Flaws and failure mistakes make us more human, relatable, and likable. As I share in past articles, authenticity, we’ve found, vibrates at 400x the energy of love, the next highest human energy vibration. Aloha and Mahalo allow us to live authentically, and when we vibrate with authenticity we attract the others that vibrate at the same frequency. Ohana, in its most literal sense, means “family,” though it’s used to describe the relationships we surround ourselves with beyond our blood line. Ohana outlines the people we bring into our lives — the family we unconsciously choose by just being ourselves. When we level up ourselves, we level up the people we surround ourselves with, and ultimately, level up the impact we can have on the world. It’s critical when we’re unknowingly hand-picking the ensemble cast of our own lives that we attract only those who resonate with our values, fortify our dreams, and challenge us to evolve into the best versions of ourselves.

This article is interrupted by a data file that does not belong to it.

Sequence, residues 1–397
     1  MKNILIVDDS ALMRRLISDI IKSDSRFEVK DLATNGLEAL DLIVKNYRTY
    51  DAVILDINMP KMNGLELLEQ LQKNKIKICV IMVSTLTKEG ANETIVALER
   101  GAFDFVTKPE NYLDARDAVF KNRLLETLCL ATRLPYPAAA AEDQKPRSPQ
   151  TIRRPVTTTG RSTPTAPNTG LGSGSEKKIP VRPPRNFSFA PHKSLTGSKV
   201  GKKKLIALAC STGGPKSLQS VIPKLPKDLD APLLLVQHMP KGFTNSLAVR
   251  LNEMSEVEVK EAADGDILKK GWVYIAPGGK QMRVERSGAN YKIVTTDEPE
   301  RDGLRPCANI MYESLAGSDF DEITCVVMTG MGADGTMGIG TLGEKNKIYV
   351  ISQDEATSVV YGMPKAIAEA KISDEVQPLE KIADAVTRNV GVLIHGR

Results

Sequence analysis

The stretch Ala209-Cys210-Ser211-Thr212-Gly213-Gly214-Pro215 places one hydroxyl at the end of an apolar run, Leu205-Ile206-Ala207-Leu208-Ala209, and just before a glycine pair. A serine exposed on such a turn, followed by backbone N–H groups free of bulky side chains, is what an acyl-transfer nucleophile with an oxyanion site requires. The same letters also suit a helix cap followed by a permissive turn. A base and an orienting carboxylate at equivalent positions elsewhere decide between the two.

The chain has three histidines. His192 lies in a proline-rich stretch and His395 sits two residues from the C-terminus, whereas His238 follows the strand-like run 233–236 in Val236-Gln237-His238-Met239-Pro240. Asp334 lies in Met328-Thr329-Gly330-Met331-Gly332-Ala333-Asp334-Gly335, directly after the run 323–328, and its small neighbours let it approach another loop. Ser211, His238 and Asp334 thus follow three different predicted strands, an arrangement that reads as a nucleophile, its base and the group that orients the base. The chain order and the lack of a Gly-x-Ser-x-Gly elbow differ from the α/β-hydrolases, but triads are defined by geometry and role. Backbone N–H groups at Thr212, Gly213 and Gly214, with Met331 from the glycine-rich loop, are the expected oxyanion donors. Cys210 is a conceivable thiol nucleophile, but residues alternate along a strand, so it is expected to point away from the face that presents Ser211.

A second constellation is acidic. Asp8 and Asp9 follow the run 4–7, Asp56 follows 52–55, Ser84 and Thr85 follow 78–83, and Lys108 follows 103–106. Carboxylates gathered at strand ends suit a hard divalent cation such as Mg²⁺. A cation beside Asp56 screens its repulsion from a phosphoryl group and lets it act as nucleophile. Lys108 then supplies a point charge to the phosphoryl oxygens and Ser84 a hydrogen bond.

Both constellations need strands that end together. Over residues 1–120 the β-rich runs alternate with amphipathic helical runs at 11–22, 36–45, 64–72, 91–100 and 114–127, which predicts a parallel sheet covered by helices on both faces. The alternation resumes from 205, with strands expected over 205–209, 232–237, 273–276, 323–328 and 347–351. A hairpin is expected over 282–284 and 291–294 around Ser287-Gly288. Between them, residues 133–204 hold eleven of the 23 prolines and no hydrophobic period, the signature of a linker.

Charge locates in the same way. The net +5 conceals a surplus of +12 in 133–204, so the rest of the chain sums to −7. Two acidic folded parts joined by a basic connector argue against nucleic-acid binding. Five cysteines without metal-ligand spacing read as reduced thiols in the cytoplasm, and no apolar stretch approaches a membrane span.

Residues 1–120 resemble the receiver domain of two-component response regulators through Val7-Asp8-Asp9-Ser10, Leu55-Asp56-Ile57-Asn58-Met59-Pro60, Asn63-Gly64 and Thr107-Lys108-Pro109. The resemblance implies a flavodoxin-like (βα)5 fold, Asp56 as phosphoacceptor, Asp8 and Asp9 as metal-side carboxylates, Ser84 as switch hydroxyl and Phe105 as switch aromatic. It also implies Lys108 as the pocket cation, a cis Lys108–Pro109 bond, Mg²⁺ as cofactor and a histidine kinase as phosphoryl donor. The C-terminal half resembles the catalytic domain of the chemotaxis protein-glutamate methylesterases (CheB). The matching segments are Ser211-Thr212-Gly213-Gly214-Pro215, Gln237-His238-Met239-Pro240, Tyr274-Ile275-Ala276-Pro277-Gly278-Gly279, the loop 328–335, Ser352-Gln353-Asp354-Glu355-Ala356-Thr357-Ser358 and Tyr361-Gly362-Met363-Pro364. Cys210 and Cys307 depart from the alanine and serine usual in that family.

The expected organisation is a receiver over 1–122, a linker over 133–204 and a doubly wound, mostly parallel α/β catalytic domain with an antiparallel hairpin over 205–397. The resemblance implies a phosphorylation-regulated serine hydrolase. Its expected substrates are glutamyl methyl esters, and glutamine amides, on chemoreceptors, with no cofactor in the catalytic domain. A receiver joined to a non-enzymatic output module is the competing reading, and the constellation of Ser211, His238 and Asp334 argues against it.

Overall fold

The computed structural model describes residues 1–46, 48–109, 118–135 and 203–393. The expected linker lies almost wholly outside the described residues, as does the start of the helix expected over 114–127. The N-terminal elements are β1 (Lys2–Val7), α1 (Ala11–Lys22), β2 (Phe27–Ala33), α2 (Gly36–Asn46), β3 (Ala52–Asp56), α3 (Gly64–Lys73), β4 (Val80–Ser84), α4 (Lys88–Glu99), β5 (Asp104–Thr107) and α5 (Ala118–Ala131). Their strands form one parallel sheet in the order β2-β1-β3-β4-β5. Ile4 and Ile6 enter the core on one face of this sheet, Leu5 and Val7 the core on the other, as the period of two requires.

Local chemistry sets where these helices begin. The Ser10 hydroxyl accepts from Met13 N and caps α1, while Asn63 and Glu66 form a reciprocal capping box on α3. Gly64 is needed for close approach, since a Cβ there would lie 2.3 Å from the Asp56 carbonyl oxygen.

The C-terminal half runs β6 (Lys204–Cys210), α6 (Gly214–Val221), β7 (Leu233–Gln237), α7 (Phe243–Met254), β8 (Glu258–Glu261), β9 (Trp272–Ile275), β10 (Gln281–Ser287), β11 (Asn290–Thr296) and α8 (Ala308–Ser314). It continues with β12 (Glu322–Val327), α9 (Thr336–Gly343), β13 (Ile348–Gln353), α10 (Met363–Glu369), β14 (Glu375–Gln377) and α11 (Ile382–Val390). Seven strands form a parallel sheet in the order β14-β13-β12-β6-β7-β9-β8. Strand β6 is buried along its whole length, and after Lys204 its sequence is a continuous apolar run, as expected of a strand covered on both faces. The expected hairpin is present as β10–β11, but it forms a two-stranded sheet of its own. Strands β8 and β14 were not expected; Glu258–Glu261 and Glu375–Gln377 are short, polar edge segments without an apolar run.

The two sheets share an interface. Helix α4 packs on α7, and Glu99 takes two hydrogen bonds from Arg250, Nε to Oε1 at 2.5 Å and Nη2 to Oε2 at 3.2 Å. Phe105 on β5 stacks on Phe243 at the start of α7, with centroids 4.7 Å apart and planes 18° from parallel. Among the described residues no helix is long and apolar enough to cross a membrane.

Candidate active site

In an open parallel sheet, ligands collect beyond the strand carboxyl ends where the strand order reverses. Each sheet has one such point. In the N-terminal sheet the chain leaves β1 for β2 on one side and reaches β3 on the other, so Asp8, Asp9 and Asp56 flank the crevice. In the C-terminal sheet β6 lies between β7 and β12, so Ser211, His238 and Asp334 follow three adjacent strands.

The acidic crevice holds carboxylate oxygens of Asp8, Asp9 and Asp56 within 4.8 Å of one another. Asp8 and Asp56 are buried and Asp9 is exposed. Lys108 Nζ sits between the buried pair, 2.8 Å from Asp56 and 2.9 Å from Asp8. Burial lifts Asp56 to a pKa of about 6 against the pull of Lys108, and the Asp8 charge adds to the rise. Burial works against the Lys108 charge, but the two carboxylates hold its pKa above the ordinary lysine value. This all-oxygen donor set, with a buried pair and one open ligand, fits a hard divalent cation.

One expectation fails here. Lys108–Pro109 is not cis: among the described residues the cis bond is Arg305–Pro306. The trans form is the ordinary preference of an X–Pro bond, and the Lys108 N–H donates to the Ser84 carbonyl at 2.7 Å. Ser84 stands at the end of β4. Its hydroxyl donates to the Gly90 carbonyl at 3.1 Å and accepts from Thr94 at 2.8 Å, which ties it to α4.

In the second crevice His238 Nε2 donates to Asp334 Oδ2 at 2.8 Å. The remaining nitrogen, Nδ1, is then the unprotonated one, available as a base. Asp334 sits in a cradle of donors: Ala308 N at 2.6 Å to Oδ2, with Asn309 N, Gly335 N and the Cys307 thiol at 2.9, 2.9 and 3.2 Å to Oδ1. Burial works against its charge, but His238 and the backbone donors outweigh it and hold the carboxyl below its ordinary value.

As I laid down at the end of the day, I worked backwards through the terms and my reflections. Ohana means the people in our lives that strengthen us, and we choose those people, sometimes unconsciously. We can choose the people that serve us the best when we live our lives authentically with Mahalo, grateful and appreciative of our successes and our failures. Yet, we only have the ability to attract success or opportunities in the first place when we live Aloha and permeate respect when we live respect, love, and compassion.
Aloha, Mahalo, and Ohana,
In light of recent events on Maui, here are some ways to live Aloha, Mahalo, and Ohana: